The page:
If return of material is an area where museums feel more confident than they did a decade ago, other areas seem more contentious than before. In 2015, freedom of speech seems newly problematic – from social media to journalism to universities. In a year when freedom of speech has become no longer an academic question but a matter of life and death, what are the implications of this for museums, especially those hosting co-curated displays?

We think that firm guidance may be premature, as this is still an emerging area and practical experience is very limited. It is important that a wide range of people and opinions have the opportunity to contribute to museum content. Museums should aim for a wide range of views rather than taking a narrow editorial line – more BBC than newspaper, perhaps.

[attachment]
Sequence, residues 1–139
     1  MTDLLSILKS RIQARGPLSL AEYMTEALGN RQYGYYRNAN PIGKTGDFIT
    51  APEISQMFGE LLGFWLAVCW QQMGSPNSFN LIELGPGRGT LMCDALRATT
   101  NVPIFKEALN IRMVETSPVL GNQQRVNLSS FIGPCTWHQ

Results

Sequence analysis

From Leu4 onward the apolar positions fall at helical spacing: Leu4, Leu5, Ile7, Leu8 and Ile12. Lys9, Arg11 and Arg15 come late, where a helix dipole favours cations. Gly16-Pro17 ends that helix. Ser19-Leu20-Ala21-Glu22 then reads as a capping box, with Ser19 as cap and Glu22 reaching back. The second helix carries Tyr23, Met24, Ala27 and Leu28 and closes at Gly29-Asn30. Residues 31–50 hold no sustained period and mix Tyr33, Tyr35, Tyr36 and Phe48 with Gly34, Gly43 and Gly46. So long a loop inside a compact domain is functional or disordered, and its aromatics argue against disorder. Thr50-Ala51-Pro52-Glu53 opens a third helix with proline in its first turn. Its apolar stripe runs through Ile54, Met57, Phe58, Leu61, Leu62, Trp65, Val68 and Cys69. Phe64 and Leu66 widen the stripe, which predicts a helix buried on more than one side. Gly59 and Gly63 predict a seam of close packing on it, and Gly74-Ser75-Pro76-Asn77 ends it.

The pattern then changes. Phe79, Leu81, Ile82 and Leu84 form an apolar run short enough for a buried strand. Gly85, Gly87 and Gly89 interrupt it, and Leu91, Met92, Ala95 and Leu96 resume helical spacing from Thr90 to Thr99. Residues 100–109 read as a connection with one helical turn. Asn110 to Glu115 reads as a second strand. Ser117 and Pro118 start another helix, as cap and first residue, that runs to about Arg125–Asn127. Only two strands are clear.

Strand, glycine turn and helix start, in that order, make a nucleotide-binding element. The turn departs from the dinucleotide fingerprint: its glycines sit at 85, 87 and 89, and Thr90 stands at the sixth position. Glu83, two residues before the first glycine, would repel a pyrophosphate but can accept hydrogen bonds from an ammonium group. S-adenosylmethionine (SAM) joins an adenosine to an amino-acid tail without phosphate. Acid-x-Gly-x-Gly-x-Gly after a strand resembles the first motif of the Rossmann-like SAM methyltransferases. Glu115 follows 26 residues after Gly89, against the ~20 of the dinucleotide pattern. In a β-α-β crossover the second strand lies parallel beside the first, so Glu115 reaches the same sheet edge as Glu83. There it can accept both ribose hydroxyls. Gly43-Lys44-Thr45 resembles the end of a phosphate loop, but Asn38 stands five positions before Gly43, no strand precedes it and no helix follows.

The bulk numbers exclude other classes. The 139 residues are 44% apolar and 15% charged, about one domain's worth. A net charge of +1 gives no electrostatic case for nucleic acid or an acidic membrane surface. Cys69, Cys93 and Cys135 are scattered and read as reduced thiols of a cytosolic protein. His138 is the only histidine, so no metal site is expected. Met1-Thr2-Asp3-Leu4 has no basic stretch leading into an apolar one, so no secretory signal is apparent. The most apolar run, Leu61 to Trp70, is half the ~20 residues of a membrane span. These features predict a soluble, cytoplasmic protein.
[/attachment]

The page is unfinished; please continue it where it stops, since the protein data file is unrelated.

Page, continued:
But what if some of those views are contentious or deeply offensive to others? Can museums allow partner organisations to cause offence within (or on) their walls? In principle, we think the answer is yes. Museums should not attempt to censor or control what people want to say. Freedom of speech, within the limits of the law, should be a fundamental value for museums. And freedom of speech should be more important than the risk of offending a particular individual or group.

But of course museums should also promote equality, diversity and human rights – values we stressed elsewhere in our consultation response. So, what to do when freedom of speech seems to come into conflict with an equality imperative? Perhaps that will be the most difficult balancing act for museums in the next decade.